Each half of the two-hour program will focus on a single topic. The first episode will highlight challenges faced by essential workers and inequalities that arise from distance learning. Airing Saturday, it will be hosted by Rose Scott, host of the midday news program Closer Look on Public Broadcasting Atlanta’s WABE in Atlanta, and Mina Kim, a news anchor at KQED in San Francisco and Friday host of the call-in program Forum.

Haas

“I wanted to really decentralize where the voices were coming from,” said John Haas, director of radio and television at Public Broadcasting Atlanta, who had the idea for the series and is serving as EP. “… So we’re hearing from different perspectives and different geographical areas.”

“Not having that centralized voice was a concern,” Haas said about using a variety of hosts. “And it was something that we had to take into consideration. But if you offer a consistently excellent product and a good conversation each week, then I think that becomes the mainstay versus a personality, per se.”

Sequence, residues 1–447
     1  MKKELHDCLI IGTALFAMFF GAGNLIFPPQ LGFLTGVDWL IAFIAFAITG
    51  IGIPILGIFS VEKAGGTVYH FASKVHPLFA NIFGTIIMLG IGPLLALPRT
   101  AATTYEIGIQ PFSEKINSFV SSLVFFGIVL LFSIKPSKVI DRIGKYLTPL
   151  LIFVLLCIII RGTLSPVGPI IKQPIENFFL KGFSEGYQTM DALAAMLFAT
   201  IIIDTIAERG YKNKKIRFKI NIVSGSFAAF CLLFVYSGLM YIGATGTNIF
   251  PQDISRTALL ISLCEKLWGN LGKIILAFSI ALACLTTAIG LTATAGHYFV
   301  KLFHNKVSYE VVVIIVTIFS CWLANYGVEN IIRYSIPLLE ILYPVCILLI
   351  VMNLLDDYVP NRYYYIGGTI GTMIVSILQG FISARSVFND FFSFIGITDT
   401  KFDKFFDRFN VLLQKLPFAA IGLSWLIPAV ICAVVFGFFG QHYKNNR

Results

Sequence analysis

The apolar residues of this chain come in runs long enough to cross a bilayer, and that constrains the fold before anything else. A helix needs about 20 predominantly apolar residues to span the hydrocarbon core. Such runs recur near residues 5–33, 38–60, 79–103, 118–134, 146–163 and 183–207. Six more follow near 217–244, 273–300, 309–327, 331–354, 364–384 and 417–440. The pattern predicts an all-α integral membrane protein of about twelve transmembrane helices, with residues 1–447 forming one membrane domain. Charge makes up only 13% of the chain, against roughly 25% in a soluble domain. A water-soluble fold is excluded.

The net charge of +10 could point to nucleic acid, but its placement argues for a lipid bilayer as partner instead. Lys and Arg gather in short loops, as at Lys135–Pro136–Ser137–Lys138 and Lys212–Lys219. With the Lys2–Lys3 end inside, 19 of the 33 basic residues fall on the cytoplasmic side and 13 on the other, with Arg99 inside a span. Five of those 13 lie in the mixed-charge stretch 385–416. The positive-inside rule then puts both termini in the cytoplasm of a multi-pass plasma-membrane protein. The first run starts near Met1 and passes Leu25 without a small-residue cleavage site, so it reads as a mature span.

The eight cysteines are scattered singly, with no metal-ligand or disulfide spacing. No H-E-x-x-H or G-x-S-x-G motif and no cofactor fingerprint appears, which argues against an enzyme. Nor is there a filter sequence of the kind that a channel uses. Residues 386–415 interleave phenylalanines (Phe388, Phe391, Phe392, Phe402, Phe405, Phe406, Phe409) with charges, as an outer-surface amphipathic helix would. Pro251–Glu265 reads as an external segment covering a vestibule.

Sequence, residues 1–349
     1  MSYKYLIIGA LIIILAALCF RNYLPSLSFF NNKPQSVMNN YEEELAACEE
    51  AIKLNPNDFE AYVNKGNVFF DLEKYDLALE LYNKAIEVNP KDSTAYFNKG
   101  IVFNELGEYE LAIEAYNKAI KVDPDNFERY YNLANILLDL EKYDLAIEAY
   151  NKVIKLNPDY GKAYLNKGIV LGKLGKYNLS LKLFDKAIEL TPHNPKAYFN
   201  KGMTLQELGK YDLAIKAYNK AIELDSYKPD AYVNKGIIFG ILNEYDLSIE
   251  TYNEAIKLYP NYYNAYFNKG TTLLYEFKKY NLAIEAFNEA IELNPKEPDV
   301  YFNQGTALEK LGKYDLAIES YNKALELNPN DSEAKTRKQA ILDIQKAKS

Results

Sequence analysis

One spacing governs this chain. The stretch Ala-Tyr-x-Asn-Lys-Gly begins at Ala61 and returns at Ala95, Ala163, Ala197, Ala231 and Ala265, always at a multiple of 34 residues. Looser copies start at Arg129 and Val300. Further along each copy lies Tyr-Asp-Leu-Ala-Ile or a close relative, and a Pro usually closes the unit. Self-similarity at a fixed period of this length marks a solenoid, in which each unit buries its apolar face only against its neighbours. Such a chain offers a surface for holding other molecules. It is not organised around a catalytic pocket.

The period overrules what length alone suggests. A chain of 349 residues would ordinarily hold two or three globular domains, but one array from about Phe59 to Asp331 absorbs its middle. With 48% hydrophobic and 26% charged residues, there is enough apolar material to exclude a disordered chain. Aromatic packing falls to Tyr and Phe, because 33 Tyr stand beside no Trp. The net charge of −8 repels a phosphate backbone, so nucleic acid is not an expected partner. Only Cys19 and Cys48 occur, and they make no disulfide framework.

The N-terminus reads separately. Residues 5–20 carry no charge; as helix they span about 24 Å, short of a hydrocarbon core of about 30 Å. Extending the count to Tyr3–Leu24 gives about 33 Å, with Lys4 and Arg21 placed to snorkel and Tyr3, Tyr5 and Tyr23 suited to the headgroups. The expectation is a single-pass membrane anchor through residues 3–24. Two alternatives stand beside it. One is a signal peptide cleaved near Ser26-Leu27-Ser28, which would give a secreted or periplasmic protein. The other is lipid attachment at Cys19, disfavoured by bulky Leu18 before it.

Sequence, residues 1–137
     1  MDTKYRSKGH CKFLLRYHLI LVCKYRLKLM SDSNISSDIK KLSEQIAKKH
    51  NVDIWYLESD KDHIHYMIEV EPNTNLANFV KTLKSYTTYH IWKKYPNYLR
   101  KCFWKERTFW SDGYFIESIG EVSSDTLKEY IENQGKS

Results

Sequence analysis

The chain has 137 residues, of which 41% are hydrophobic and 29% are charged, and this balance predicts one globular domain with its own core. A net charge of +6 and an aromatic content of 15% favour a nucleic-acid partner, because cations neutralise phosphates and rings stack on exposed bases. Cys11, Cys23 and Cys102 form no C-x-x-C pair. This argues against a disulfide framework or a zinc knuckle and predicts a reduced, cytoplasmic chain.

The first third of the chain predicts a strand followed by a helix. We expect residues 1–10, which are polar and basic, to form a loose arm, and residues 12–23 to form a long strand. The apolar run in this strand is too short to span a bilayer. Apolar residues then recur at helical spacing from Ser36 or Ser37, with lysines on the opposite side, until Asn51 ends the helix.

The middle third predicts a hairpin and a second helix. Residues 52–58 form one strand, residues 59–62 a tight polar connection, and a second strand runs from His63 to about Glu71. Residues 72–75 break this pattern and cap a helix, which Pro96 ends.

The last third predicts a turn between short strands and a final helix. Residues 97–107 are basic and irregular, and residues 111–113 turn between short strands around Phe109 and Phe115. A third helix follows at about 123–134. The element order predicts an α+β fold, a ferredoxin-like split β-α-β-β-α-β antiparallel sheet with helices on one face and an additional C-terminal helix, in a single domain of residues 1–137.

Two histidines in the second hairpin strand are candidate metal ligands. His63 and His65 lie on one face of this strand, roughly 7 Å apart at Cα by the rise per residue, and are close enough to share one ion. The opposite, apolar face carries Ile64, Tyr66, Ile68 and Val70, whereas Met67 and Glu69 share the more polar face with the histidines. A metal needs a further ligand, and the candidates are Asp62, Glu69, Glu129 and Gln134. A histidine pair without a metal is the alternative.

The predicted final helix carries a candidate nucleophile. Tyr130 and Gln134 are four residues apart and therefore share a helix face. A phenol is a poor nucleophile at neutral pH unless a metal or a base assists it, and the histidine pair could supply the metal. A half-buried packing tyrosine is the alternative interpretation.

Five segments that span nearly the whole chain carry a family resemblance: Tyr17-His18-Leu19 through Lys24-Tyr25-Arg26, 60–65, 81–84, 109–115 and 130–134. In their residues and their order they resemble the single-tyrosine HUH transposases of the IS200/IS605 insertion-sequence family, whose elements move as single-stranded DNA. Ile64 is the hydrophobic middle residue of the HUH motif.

Each episode will also include hosts talking to a reporter from a third station, as well as a pre-produced piece from a reporter in a fourth community. The first episode features an interview with Jess Clark, an education reporter at Louisville Public Media. It will also feature someone who is considered an essential worker, Haas said. 

[Update: Clark did not appear on the first episode, which did feature an audio diary from Megan Feeney, a freelancer hired by America Amplified to do community engagement work with NET Nebraska and other Harvest Public Media stations. Sasha Khokha, host of KQED’s California Report Magazine, also contributed a piece.]

The lineup for future episodes:

  • May 2 — KCUR’s Brian Ellison and New England Public Radio’s John Dankosky
  • May 9 — Marty Moss-Coane from WHYY in Philadelphia and Gemma Gaudette from Boise State Public Radio/Mountain West News Bureau.
  • May 16 — KQED’s Kim and Iowa Public Radio’s Charity Nebbe
  • May 23 — WABE’s Scott and Dankosky